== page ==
Interviews

Mark Runacus MBE, Co-Founder, Wax/On

When it comes to advertising leaders shaping culture beyond the realms of the industry there are few better examples than Mark Runacus, who as chair of PrideAM has led the creative charge pushing for better LGBT+ representation.

Izzy Ashton

Assistant Editor, BITE

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“Advertising is part of the fabric of our society and it plays an important role in creating role models,” says Mark Runacus MBE and Co-Founder of Wax/On. Runacus is talking about PrideAM, the LGBTQ network founded in 2015 to “represent the LGBTQ community and ensure that they were supported”. As chair of the network Runacus has been instrumental in bringing about change across the industry, principally in the representation of the LGBTQ community.

This commitment has been acknowledged by Runacus’ recent recognition in the Queen’s birthday honours list, where he was awarded an MBE for services to advertising. It is a monumental and well-deserved award, yet when he received the letter, his first thought was that it was a hoax. When asked if the week following the announcement had been any different, Runacus laughs and reveals that “it’s all been very normal, usual day to day stuff. Although it might be different when I see my mum tomorrow.”

The recent introduction of the new ASA guidelines around gender stereotyping are reflective of a progressive step-change in the industry. But, when it comes to LGBTQ stereotyping and representation, there is still a long way to go. In fact, 52% of consumers believe that the LGBT+ community is invisible in advertising according to research from UM. This is why Runacus believes networks such as PrideAM are so vital for the industry: “[Our purpose is] lobbying brands and their creative and media partners for better LGBTQ representation in advertising…because for too long advertising has been bereft of LGBTQ role models.”

Advertising is part of the fabric of our society and it plays an important role in creating role models.

Mark Runacus

Marketing was a job that Runacus only came to in the second wind of his career, having begun his working life as a journalist when he was 18. He has fond memories of reporting from the court rooms and trawling through the journalistic law book on the bus. It was only upon reapplying to university and completing graduate training in marketing that the agency world beckoned.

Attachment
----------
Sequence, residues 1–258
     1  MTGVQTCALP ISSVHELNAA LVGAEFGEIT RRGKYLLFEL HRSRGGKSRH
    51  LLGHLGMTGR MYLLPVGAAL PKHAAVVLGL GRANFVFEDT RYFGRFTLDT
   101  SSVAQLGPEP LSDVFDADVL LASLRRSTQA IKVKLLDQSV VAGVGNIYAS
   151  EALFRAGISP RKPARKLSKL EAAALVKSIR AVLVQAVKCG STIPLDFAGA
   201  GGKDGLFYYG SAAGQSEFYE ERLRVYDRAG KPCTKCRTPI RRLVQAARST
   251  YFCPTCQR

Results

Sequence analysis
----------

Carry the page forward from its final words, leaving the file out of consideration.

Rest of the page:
He quickly realised he was, by his own admission, “the anxious planner” having not followed a traditional route into the industry. “I don’t have the credentials, I didn’t do a degree in psychology, I didn’t work for Unilever,” he explains. Having spent many years agency side, he reveals he reached a point where “my own insecurities and anxieties meant that I decided that my future didn’t lie in the big Accenture.” His concern, however, was that “I might struggle with people who don’t get my little eccentricities.”

So, he set about finding his business partners, which as he revealed, should not be taken lightly: “Choose your business partners at least as wisely as you choose your life partners.” Partners found, Wax/On was born, an agency which, says Runacus, wanted to bridge the siloed gap that the industry had found itself falling into: “We all agreed that we’d witnessed the disappointing silo behaviours of agencies in the way that media and creative had become disconnected…clients were not getting the best work and they were not getting the best value.”

Choose your business partners at least as wisely as you choose your life partners.

Mark Runacus

Runacus acknowledges that building internal workplace culture hasn’t always been at the forefront of his focus, having once been “genuinely cynical about all of the management textbooks that talk about culture.” But, with Wax/On, Runacus found it essential to “quickly identify some of the fundamental values that brought you all together that you want to cling onto” and then align these values with those of the clients they work with. The culture has to evolve as the agency naturally grows but these values, “to leave a positive mark on society,” must stay the same.